August 27, 2019

Reseeding for Sheep Farmers – Markethill Sheep Business Development Group

Brian Hanthorn, Beef and Sheep Adviser, College of Agriculture, Food and Rural Enterprise (CAFRE)  Dungannon.

Brian Hanthorn discussing cultivations techniques after ploughing with Markethill Sheep BDG

Reseeding is an activity on the farming calendar associated with late Summer. The Markethill Sheep Business Development group met recently on Sean Deighan’s Farm near Whitecross to discuss the practicalities and benefits of reseeding.

With ongoing concerns amongst many sheep farmers about poor post weaning performance of lambs, regular reseeding can give a significant performance boost and reduce the reliance on expensive concentrate feeding.

Sean outlined the management of the fields he is reseeding this year. Soil samples were taken to identify soil fertility deficiencies before the fields were sprayed with Glyphosate to kill the existing sward and any weeds present. The group discussed the vital importance of lime to allow a better uptake of nutrients from the soil and to create an optimum environment for the newly sown grasses.

Ploughing was well underway on the evening of the meeting and it was explained the importance of not ploughing too deep as this can have a very detrimental effect on the subsequent reseed. The intended cultivation techniques were outlined before sowing a 35kg per hectare perennial ryegrass mix.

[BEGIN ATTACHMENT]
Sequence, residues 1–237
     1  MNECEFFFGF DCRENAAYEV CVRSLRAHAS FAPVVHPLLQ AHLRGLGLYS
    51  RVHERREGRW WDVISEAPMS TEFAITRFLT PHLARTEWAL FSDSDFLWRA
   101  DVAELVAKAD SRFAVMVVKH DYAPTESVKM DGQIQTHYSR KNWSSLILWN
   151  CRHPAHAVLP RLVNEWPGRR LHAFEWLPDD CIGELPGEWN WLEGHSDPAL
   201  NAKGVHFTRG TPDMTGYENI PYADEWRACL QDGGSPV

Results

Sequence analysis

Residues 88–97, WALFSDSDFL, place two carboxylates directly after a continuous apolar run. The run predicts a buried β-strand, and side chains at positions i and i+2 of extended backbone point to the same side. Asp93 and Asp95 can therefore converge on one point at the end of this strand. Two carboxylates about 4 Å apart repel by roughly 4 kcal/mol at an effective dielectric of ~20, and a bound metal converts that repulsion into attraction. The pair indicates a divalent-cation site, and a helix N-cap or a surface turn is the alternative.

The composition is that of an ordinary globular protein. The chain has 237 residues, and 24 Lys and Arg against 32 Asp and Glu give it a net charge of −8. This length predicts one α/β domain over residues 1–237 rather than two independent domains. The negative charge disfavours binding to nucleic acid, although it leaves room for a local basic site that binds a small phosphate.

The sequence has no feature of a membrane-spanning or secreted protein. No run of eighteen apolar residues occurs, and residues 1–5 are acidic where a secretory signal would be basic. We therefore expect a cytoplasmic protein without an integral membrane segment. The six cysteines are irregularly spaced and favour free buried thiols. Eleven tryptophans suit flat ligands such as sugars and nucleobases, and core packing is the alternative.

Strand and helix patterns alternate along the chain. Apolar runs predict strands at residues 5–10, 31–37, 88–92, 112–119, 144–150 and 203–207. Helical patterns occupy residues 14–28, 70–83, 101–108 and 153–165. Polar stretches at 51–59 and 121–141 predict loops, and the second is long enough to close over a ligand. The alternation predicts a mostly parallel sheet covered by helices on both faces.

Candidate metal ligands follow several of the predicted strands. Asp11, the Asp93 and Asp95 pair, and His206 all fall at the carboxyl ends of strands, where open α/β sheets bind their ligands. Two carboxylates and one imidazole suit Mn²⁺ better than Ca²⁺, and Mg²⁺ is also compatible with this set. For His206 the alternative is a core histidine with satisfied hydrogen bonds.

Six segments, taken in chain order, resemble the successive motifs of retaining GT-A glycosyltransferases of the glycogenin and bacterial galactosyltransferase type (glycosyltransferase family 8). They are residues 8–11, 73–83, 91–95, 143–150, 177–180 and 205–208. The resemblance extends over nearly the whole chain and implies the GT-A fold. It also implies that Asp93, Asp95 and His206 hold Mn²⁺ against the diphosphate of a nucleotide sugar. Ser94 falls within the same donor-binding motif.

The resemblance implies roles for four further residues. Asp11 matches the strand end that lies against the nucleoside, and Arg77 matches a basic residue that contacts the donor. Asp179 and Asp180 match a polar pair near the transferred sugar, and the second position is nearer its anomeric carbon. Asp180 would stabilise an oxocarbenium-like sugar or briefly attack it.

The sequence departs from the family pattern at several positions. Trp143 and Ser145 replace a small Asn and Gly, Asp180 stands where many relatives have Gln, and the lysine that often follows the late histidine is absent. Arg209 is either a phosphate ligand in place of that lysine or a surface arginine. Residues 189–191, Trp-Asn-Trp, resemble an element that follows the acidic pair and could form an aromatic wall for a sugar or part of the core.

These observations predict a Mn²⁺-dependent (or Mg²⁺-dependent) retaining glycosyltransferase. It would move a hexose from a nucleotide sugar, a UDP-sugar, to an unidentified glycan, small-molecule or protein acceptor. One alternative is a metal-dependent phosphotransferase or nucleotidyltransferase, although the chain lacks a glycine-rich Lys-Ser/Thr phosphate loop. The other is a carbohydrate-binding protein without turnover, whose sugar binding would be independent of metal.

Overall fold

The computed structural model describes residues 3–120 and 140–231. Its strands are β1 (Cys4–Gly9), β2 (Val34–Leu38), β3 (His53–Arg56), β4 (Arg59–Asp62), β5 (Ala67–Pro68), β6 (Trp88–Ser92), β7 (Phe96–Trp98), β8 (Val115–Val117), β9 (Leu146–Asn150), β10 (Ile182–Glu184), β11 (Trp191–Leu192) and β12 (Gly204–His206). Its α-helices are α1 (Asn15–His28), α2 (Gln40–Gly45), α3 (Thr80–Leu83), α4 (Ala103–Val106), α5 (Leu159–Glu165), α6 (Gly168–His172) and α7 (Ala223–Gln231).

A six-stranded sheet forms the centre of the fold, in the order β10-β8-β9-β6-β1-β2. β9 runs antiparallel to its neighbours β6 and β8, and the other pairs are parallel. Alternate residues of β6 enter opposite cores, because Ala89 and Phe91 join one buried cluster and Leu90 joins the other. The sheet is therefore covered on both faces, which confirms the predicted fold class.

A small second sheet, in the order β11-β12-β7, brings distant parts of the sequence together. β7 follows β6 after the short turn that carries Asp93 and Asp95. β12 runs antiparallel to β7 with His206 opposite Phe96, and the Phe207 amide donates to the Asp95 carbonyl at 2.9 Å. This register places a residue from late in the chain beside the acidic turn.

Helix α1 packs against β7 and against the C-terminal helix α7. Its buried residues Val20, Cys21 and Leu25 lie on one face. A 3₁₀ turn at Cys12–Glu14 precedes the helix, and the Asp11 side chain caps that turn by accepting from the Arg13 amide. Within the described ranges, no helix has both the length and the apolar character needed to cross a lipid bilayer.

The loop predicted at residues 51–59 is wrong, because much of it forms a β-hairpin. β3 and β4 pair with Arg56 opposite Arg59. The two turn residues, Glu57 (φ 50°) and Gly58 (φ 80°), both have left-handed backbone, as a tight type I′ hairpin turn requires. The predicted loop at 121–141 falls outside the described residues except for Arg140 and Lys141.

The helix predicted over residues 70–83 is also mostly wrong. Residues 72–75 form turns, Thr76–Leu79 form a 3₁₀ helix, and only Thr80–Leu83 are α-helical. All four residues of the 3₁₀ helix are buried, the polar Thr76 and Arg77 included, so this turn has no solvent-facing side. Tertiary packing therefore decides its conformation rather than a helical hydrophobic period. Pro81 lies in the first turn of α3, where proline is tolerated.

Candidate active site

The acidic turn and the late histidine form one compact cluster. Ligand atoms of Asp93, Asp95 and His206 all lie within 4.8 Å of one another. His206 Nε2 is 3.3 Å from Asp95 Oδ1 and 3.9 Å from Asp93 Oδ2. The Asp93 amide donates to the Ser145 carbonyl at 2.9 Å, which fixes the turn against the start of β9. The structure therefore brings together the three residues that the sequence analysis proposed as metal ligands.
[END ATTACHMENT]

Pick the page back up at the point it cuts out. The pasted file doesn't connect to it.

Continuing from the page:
Group members also discussed the merits of White Clover being added to the mix usually in the form of 2.5kg of the 35kg/ha of seed used. Well managed swards containing white clover improve lamb performance compared to perennial ryegrass only swards.

Some members in the group had concerns about white clover only being productive in the later part of the growing season but it was explained that newer white clover varieties are now bred to be more productive in the Spring.

The seed selected for the two fields was mainly late heading diploid perennial ryegrass varieties which are best suited to grazing, providing a dense sward that is easier to manage.

Brian Hanthorn discussing cultivations techniques after ploughing with Markethill Sheep BDG

Other methods of improving lamb performance were also discussed , including the use of forage crops which could be sown in early May and be ready for grazing in July just as lambs are being weaned. Some group members had already sown forage crops and concluded they were very worthwhile.

The effect of excellent forage management was evident when key sections Sean Deighan’s CAFRE benchmarking gross margin figures were discussed.  The figures provide an invaluable insight into the core of the enterprise and created good discussion, debate and learning. Brian Hanthorn thanked Sean Deighan for hosting the meeting and for the farmers for attending and sharing their experiences.

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